Forty years at El Paso, 1858-1898; recollections of war, politics, adventure, events, narratives, sketches, etc., by W. W. Mills. Page: 91 of 163
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In 1868 I was elected to represent El Paso county in
the State Constitutional Convention, which was to meet
at Austin in May of that year, to frame a constitution
under which Texas might be readmitted into the Union.
At the start I was opposed for that office by Major
Joseph Smith, a popular Democrat, who had been honorably
discharged from the United States military service
at El Paso, but early in the contest I badgered him
into saying that if he found a single "Nigger" in the
convention, he would resign.
I then suggested to the Mexican audience that if he
had that much race prejudice, he would not do to represent
them. Major Smith soon saw certain defeat before
him, and withdrew, and I was unanimously elected.
During April of that year, I went in a buggy, with a
single companion, Hon. W. P. Bacon, Judge of our district,
to San Antonio, en route to Austin, seven hundred
and forty miles, in seventeen days, without change of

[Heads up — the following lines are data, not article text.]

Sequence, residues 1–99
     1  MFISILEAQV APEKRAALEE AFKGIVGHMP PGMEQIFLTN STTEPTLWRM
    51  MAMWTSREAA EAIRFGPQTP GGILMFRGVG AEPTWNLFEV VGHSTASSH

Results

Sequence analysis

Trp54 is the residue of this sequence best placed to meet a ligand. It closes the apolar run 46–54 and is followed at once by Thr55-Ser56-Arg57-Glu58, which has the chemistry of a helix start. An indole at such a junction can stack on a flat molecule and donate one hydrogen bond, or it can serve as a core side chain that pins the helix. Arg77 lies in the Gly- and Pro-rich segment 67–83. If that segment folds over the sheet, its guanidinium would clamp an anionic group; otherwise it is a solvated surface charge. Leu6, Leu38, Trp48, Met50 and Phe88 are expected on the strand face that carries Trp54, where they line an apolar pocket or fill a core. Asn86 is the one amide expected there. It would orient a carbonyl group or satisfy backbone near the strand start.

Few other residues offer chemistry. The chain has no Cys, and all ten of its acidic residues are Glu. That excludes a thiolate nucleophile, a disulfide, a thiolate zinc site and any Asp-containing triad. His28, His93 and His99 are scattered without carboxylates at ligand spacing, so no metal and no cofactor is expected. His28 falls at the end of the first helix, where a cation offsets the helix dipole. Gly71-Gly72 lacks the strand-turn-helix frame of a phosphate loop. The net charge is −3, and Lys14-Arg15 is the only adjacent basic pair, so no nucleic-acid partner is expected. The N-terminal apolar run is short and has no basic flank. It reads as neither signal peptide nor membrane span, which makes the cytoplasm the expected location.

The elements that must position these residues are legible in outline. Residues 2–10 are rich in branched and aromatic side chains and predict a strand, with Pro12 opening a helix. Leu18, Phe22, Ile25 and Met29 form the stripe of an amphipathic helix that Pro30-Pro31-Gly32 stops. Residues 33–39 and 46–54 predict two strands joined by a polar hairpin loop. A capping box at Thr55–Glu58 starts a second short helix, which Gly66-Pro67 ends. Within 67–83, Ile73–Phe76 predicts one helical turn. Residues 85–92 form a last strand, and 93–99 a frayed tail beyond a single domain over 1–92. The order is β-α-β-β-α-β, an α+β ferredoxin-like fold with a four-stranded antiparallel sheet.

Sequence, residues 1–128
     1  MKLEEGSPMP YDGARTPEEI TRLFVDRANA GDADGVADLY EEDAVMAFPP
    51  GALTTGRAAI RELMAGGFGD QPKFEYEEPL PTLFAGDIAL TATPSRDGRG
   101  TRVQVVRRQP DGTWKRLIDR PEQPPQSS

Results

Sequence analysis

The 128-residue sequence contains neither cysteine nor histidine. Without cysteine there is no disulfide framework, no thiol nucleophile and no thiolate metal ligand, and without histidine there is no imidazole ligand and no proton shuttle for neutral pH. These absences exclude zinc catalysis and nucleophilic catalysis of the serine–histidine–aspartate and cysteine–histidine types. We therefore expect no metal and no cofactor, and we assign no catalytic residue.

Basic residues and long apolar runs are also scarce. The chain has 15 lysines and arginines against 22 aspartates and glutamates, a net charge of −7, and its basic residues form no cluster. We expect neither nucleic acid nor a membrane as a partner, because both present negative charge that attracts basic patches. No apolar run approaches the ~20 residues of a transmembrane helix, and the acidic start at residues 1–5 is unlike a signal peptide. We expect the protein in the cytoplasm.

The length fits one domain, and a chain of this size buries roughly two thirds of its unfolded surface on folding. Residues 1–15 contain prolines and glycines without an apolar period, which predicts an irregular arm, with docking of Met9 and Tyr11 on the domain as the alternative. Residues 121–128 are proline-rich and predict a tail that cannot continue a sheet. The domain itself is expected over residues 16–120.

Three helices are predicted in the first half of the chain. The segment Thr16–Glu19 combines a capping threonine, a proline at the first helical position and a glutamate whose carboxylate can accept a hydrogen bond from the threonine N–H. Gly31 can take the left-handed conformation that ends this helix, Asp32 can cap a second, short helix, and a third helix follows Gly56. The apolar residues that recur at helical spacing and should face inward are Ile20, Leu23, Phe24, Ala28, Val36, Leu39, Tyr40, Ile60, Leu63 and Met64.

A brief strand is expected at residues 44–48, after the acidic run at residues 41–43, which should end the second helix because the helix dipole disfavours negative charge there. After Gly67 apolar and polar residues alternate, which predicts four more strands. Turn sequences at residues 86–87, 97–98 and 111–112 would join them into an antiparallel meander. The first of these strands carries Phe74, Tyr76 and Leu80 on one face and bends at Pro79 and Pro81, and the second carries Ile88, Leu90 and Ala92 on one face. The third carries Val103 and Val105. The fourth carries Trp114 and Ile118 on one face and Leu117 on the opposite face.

animals (two horses). We "camped out" and did our
own cooking, and traveled much at night, because
marauding Indians were then abundant on that route.
I arrived at Austin a total stranger to every soul in that
capital. The convention had ninety delegates, only ten
of whom were Democrats. There were nine colored delegates,
a large contingent of carpetbaggers, and several
new recruits to the Republican party, who claimed from
the day of their'conversion to be more "loyal" to that
party than any of us. But about one-half of the body
Here’s what’s next.
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Mills, William W. Forty years at El Paso, 1858-1898; recollections of war, politics, adventure, events, narratives, sketches, etc., by W. W. Mills., book, 1901; Chicago. (texashistory.unt.edu/ark:/67531/metapth6112/m1/91/: accessed May 20, 2018), University of North Texas Libraries, The Portal to Texas History, texashistory.unt.edu; .